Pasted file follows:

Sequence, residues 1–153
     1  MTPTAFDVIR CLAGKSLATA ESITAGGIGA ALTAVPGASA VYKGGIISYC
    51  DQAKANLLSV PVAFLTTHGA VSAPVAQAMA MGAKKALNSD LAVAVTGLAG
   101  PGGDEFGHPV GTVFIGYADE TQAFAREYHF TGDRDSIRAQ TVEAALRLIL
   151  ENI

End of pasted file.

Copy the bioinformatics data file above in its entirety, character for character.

Sequence, residues 1–153
     1  MTPTAFDVIR CLAGKSLATA ESITAGGIGA ALTAVPGASA VYKGGIISYC
    51  DQAKANLLSV PVAFLTTHGA VSAPVAQAMA MGAKKALNSD LAVAVTGLAG
   101  PGGDEFGHPV GTVFIGYADE TQAFAREYHF TGDRDSIRAQ TVEAALRLIL
   151  ENI